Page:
The Column

Going Off The Rails, in a Good Way

I was deeply distracted this week and my culinary pursuits suffered.

On Wednesday I made tabbouleh, a Lebanese bulgur wheat and parsley salad, but I left out the bulgur wheat. I mean there were only 4 ingredients.

Even after making the “salad” I absent-mindedly chomped through a plate that consisted of parsley, lemon juice and a Roma tomato.

Someone not so distracted noticed though.

My husband after courteously swallowing his plate of herbs without a word, politely noted later on how he missed the bulgur wheat and hoped it might make a return.

We’ve all been there. So engrossed in something else that we’ve skipped the main ingredient entirely.


Distractions can be good; distractions can be bad.

I used to get emails in the morning notifying me what post would be arriving that day. I had to unsubscribe because most days it would be junk, but then I’d see something unexpected.

A certain source that shouldn’t be contacting me. Like The IRS (US tax collectors), which seems to enjoy contacting me in 2021.

Then I’d wait from 8 am (arrival of email) to 8 pm (when postman reaches us) fretting about what was inside that letter. Wholly distracted for an entire 12 hours.

Behavioural economist Sendhil Mullainathan in “Scarcity: Why Having Too Little Means So Much”, shows how distractions because of worries in your life (say financial problems), take up such bandwidth that your situation continues to deteriorate in other areas.

Those suffering from scarcity become so focused on solving their immediate financial needs that they lose sight of the future making irrational blunders, like taking payday loans.

You slide down in productivity, slip up and fall behind the crowd. A vicious downhill spiral.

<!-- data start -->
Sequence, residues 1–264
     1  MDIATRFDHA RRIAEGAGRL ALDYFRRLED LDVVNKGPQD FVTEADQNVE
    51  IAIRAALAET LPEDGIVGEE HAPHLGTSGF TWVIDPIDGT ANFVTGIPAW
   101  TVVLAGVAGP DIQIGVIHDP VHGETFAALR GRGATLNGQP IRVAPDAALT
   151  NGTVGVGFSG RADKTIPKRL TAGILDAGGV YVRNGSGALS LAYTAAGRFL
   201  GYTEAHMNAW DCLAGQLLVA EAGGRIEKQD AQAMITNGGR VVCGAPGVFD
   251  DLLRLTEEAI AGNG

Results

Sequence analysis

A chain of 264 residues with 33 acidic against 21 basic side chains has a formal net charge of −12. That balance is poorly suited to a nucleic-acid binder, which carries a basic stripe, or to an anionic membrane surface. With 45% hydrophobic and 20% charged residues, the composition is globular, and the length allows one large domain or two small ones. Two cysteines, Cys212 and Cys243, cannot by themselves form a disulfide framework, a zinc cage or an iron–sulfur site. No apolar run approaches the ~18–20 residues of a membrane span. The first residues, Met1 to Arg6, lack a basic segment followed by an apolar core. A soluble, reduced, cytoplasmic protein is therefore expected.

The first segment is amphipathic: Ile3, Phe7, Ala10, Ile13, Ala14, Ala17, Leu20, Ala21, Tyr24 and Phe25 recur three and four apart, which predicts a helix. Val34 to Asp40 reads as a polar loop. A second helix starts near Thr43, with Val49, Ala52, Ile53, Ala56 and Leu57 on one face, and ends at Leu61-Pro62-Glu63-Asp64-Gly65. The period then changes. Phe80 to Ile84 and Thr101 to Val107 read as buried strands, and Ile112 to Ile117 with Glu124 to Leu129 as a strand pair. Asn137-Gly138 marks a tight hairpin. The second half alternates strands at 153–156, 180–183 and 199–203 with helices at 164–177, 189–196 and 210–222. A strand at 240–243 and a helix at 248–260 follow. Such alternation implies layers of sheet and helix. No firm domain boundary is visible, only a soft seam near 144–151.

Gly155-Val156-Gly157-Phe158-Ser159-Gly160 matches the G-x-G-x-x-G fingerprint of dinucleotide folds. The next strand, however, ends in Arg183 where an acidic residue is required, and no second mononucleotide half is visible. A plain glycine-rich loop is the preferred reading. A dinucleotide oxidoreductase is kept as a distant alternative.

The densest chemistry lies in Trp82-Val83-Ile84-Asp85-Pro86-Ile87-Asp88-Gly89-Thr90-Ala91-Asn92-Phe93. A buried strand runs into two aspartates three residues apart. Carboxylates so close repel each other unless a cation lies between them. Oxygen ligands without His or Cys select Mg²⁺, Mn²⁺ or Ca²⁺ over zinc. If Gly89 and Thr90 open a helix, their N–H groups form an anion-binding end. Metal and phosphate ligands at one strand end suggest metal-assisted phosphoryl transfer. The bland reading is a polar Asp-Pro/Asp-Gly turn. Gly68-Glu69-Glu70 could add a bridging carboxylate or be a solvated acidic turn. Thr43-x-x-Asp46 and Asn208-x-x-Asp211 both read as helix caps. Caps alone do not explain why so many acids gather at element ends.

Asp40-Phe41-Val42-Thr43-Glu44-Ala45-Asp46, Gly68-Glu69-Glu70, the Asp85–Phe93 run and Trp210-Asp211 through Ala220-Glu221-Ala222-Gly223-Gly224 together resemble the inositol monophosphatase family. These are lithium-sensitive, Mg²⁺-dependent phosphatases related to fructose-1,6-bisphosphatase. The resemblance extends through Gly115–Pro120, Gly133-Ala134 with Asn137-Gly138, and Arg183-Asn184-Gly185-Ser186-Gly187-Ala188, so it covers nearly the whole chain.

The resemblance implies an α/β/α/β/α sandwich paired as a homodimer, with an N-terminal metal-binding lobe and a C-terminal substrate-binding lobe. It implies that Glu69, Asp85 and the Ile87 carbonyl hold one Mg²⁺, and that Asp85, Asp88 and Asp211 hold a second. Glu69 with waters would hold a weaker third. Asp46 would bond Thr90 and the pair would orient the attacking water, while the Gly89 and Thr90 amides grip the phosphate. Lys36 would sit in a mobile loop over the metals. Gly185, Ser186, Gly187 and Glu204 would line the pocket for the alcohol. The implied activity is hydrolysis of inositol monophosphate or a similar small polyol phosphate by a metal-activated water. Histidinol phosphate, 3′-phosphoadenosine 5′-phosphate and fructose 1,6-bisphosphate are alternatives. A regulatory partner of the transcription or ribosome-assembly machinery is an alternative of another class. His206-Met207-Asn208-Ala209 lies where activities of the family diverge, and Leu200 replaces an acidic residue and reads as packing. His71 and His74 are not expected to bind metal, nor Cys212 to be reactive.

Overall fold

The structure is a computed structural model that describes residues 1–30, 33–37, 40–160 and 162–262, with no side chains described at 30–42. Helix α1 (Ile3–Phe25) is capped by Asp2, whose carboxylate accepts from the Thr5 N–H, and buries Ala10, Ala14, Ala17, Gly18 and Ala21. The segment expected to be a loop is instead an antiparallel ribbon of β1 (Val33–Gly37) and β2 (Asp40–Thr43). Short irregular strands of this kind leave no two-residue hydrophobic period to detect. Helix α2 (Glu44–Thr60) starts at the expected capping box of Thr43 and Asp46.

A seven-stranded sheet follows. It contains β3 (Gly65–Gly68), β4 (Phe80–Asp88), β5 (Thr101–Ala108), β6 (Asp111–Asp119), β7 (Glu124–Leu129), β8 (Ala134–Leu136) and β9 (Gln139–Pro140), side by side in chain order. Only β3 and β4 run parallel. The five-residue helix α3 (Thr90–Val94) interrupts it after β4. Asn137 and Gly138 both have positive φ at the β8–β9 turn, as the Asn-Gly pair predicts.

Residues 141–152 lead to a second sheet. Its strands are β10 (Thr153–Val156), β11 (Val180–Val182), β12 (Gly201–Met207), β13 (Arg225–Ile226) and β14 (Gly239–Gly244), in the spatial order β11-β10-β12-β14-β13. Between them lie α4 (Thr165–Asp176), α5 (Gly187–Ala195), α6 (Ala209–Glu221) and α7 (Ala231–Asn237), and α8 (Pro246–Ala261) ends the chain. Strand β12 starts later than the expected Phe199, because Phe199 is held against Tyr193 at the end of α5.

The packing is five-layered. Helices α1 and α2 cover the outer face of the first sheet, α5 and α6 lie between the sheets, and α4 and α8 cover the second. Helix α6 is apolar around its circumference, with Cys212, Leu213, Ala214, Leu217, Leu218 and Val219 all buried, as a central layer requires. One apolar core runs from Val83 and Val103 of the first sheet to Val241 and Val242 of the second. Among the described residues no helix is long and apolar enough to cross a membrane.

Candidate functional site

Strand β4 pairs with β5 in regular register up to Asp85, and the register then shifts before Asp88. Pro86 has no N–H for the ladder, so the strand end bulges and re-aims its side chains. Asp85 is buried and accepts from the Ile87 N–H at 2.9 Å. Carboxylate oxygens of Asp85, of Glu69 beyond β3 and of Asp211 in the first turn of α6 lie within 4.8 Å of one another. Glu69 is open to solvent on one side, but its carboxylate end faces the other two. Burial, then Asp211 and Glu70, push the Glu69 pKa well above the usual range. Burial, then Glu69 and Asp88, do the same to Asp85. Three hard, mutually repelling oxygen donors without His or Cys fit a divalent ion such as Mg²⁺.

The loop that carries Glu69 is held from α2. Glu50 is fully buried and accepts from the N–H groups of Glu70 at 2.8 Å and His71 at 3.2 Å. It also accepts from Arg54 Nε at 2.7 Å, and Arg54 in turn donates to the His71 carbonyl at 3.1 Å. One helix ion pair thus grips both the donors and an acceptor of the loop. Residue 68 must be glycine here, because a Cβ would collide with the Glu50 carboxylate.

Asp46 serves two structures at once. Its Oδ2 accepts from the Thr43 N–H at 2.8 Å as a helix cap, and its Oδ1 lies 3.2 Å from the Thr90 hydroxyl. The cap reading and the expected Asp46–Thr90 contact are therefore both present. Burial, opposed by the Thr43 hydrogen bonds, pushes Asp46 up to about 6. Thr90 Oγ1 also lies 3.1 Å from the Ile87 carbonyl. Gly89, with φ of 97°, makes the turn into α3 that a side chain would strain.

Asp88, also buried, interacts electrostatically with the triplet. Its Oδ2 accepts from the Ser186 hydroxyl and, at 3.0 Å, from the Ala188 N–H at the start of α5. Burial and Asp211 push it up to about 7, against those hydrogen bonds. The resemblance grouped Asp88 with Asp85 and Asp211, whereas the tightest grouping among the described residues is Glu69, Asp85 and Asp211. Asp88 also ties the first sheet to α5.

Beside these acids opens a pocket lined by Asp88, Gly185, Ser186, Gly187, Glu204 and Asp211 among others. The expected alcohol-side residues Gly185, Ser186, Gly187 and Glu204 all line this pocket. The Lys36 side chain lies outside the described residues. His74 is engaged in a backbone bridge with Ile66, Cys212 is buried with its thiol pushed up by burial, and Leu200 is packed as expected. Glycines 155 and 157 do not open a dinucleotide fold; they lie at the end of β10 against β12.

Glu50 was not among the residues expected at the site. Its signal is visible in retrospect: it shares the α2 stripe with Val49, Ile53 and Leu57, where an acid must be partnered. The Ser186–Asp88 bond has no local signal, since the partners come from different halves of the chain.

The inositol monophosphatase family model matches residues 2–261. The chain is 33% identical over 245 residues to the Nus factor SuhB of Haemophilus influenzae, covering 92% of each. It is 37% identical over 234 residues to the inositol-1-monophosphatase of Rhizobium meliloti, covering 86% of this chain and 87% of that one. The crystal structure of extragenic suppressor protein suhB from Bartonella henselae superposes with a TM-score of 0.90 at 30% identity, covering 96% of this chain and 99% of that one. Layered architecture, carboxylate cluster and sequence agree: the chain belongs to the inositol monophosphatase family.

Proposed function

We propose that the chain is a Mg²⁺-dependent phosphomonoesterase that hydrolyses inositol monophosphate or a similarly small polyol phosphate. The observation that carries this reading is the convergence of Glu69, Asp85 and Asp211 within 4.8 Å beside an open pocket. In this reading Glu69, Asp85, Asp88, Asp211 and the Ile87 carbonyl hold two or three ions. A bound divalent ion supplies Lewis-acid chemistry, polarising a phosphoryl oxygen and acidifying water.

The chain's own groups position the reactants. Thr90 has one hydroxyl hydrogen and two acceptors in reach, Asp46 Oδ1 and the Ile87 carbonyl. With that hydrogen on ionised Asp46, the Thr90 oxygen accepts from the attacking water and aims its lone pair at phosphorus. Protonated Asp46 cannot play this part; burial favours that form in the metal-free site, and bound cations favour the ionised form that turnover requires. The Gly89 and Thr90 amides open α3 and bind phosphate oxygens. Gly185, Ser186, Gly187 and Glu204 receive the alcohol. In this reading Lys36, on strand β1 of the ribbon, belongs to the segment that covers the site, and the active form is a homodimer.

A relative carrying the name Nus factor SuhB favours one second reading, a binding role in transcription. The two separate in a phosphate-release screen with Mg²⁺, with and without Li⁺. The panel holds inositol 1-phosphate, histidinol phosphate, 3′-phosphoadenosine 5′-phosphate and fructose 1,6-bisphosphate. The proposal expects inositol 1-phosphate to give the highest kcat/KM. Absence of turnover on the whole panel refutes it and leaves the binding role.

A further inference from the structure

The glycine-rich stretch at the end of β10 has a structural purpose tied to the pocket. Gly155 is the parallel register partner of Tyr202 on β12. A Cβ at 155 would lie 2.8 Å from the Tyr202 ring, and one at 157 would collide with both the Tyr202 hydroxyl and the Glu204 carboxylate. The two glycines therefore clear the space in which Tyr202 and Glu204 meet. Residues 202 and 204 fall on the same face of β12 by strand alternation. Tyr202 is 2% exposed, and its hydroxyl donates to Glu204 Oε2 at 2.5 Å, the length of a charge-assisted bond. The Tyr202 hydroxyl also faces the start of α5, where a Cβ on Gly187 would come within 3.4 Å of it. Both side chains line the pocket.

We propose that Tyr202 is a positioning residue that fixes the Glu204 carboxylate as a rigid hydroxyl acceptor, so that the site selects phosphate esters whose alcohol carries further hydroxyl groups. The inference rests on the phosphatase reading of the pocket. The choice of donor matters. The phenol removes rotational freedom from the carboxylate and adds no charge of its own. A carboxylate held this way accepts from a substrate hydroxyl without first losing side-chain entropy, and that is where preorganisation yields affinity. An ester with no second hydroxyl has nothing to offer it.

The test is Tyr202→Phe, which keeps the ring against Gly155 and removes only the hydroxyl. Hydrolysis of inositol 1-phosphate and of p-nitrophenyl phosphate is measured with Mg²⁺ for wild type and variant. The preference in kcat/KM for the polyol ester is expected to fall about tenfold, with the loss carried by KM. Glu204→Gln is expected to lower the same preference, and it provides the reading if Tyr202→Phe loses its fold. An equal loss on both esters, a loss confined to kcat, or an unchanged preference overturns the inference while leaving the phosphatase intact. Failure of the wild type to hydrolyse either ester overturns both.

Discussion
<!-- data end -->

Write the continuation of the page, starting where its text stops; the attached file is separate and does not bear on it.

Mine are tiny distractions that pulled my mind away from the present. But imagine if your mind is on where you’re going to get your next meal. Whether you have a job in the morning. If you can afford a medical bill.

It’s one of the main arguments for giving a universal income; so that no one has to worry about where their next plate of food will come from. They’ll be able to thrive like everyone else who doesn’t spend their bandwidth distracted on basic survival.

Unfortunately, that’s for our governments to decide, so what can we do? 


The Good Distractions

Philosopher Bertrand Russell wrote in “In Praise of Idleness” that selected distraction can, however, do wonders. These are distractions you can concoct yourself.

Like an engineer that reads a historical romance or a primary school teacher who heads to a kickboxing class.

Something entirely off your normal track can distract while you await a decision, phone call, letter, paycheck. And opportunely, distractions can ignite your creativity too.

The microwave was discovered when Percy Spencer was feeding squirrels. Archimedes was chilling in the bath and conquered the key to boat buoyancy. The periodic table was literally dreamt up.

I mean popcorn was probably born from distraction too, it’s too serendipitous.

You are chugging along on your normal track, (studying, working, doing your normal), why not shake it up and veer off to attend your debut jazz ballet class?

Like going off the rails, but in a good way.

In the best-case scenario, the distraction provides an innovative solution to a problem you’ve been tackling. In the worst, you take your mind off your worries for an afternoon.


There’s a lot of noise in 2021.

We’re all still dipped in pandemic worry. But you can always mix it up with the good distractions. Choose wisely, it doesn’t look like your cellphone.

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